I blog by day and wait tables by night. I'm excited to bring you Served, dispatches from the front of the house. Enjoy!
I miss cooking. It's not that I don't spend plenty of time futzing in my kitchen at home, roasting veggies and searing salmon. Baking batches of cookies is my procrastination activity of choice. But there is nothing like cooking in a restaurant.
I (mostly) love waiting tables, but sometimes I long for my kitchen days of yore. A cook wouldn't have needed to be patient with the guy who asked me a grand total of 11 times last night why we didn't have a scotch list. We're a wine bar; we don't have a liquor license. I explained this twice, and then switched to dirty looks. They didn't deter the nine subsequent queries.
Both the front and back of the house can be frustrating, demanding, rewarding, infuriating, and amazing places to work. In my humble experience, here's why:
1. Cooks create: They make stuff with their hands. Mayo, capers, and cornichons get turned into remoulade; ducks get boned, cured, and plated with oranges; tart shells get pressed into molds and filled with lemon curd.
Sure, it all comes out the other end eventually. Food is fleeting—it's not as if cooks are building houses. But cooks have tangible, satisfying fruits to show for their labor. I found this deeply rewarding.
Waiters? Not so much. Doing the serving piece in the service industry means there is nothing concrete that comes out of working your ass off. If your guests have a great night, you feel a little proud. But for me, this does not come close to the satisfaction of creating awesome food. So, one point to BOH
2. Cooks are far from the action: So you make that awesome food. Lots of it. During service, plates come together and get sent out into the abyss of the dining room in rapid-fire succession.
But then they're gone, off the pass, into the hands of the runners, and into what might as well be a black hole. Waiters get to ooh and ahh with the guests over the smokiness of the tagliatelle or the fatty, succulent goose breast. Cooking is all about production, not about consumption.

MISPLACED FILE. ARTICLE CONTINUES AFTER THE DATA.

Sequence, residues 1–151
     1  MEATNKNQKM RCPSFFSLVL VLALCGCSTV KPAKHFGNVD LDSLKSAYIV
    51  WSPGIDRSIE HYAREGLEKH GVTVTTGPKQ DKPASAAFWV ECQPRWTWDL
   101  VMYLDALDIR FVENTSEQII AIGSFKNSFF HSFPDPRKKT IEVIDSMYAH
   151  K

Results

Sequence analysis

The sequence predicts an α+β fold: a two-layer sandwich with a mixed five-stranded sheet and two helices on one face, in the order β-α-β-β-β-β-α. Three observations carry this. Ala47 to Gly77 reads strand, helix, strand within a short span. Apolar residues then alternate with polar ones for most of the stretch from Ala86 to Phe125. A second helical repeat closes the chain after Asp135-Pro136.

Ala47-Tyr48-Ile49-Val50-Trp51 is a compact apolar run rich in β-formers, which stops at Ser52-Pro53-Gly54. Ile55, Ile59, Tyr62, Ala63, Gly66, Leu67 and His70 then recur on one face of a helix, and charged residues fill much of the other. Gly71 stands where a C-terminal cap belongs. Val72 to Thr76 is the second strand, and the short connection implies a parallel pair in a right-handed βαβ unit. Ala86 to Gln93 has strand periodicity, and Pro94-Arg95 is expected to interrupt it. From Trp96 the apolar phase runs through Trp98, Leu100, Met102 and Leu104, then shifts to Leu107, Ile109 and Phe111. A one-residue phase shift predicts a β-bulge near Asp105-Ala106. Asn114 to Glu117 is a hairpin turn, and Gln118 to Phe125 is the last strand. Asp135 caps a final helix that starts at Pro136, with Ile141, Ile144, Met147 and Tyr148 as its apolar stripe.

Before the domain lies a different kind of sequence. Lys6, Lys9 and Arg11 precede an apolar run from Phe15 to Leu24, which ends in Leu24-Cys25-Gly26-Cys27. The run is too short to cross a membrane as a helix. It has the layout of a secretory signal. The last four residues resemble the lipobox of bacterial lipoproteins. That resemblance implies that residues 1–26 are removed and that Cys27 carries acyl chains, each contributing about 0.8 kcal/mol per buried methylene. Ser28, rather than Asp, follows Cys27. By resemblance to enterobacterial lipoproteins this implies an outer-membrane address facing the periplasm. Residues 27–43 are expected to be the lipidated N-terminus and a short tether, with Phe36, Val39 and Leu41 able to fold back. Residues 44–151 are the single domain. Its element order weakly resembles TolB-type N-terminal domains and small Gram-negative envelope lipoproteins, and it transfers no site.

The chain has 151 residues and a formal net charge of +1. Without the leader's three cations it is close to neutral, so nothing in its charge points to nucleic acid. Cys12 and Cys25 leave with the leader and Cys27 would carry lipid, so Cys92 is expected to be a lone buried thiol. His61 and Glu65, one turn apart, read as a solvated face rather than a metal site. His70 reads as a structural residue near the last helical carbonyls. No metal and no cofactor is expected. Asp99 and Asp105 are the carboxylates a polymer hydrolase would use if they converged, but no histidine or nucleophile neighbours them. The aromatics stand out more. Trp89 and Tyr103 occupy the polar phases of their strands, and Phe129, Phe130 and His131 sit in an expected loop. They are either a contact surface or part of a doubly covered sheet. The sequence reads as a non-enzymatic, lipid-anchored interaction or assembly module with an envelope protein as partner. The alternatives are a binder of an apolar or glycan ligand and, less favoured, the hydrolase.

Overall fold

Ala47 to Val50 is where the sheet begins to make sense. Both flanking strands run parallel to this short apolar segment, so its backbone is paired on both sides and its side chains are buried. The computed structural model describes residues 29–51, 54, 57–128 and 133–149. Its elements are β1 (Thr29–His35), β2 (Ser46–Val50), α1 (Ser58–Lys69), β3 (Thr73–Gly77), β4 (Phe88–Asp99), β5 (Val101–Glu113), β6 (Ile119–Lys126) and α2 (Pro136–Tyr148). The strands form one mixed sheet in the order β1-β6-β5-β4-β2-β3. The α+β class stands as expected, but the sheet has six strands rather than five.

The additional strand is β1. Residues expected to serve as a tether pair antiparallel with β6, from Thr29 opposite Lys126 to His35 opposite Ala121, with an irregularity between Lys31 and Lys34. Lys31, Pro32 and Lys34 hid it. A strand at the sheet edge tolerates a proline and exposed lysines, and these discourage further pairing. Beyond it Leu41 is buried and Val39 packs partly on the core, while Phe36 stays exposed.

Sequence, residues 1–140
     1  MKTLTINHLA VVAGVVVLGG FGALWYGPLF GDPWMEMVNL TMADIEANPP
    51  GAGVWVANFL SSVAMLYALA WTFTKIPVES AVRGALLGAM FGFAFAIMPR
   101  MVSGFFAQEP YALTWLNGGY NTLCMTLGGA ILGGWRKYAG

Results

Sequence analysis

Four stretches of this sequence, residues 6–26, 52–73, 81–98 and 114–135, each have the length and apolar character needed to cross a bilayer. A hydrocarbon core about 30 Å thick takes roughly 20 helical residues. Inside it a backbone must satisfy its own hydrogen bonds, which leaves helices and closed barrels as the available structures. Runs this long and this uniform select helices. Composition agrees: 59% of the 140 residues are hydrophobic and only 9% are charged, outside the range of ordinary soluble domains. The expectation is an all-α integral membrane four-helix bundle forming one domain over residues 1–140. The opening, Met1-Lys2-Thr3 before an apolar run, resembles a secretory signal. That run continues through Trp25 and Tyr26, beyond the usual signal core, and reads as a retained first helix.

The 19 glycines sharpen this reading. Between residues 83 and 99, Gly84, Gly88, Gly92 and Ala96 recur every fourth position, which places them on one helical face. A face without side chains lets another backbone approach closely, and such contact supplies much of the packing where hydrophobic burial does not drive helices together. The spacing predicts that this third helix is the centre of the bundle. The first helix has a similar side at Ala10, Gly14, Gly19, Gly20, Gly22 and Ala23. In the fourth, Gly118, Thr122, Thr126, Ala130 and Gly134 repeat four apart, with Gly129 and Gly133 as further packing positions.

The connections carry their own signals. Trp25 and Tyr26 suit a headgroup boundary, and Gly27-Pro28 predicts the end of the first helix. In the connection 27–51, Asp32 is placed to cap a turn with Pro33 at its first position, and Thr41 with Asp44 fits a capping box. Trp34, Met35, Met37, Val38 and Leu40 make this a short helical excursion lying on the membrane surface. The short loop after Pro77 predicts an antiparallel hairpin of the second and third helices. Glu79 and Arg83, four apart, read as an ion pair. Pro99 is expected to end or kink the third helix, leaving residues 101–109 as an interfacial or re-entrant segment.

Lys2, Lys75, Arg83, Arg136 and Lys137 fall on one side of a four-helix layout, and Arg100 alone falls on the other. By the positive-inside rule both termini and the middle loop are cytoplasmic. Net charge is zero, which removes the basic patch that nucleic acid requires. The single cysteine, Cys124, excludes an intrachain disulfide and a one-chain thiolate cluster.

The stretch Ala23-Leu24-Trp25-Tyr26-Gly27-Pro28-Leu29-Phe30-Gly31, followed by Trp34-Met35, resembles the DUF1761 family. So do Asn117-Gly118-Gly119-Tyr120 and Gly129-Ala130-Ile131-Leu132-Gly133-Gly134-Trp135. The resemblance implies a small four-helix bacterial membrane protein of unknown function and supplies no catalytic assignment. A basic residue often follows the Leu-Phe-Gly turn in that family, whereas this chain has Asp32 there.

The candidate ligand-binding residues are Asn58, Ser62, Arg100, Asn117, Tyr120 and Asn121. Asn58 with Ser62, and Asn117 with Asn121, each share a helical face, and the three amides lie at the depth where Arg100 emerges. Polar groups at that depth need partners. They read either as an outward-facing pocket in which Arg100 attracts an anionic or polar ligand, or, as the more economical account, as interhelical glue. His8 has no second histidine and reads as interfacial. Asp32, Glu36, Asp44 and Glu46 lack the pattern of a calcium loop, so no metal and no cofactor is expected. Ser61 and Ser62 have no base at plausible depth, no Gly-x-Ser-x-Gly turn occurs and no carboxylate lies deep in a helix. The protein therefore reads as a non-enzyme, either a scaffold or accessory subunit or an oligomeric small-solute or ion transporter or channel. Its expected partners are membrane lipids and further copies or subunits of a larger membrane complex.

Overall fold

The interaction is not just about the food. In a swanky fine-dining restaurant or in a dive, tending bar or waiting tables is social pursuit. Those working in the front of the house meet the customers, who sometimes come bearing stories, gossip, and kindness. Many are friends and potential friends. One point to FOH.
3. But not all are friends: Like my scotch-deprived diner, not everyone is a pleasure to wait on. Some are grumpy, stingy, or even cruel. Some are so awful as to make you briefly consider suicide. A juicy one point to BOH.
4. The kitchen isn't always a lovefest, either: Sure, tantrum-prone chefs unload their rage on waiters and runners and busboys, but they reserve a special fiery vehemence for their line cooks. The chef, after all, must bear responsibility for every sprig of thyme and ladleful of sauce the cook deposits on his plates. And the waiter can seek refuge elsewhere. The cook has to stand there, a mere few feet away from the fuming chef, and marinate in whatever anger permeates the hot kitchen air.
Kitchens are still often hotbeds of machismo. I've never worked or played anywhere else where it is acceptable to scream in people's faces. Some people thrive off aggression, but I work best with a little more gentleness. This is an easy one point to FOH.
5. The pay part is just unfair: Cooks work just as hard as their front-of-house comrades. More often, they work harder. It's a sweaty, brutal, physically demanding job. Sometimes, it is excruciatingly boring. (How many thousands of gougeres must I pipe full of cheese?)
But at the end of a frantic night, the kind of night where you feel accomplished to have come out alive, it's the waiters who go home with a pockets bulging with cash. The cooks make their same six dollars, or eight dollars, or twelve dollars (if they're lucky), an hour. For waiters, more work means more money. For cooks, more work just means more work.
This is one of the prime injustices of the restaurant industry. This is a huge one point to FOH.
6. Cooking is fun: It is! Folding napkins, refilling water glasses, stocking wine: less fun. That's one point to BOH.
7. The hookup: Throwing a burger on the grill for myself at the end of a grueling night, making it just the way I wanted it, and chowing it down was a great job perk. Likewise, it's nice that waiters where I work get to pour ourselves a generous glass of wine or pop a beer.
This is where front of house/back of house solidarity comes in. When I cooked, we'd make the waiters some ravioli, or better yet, a plate of braised short ribs. They'd bring us big pitchers of beer or pour us glasses of bubbly. Together, we had a feast. One point to each camp.
It's a total draw. I hope to cook in a restaurant kitchen again. I have so much to learn. It's one of the most difficult and most fun things I have ever done.
I love my job waiting tables, too. For now, I'm not going anywhere.
May I pour you a glass of wine?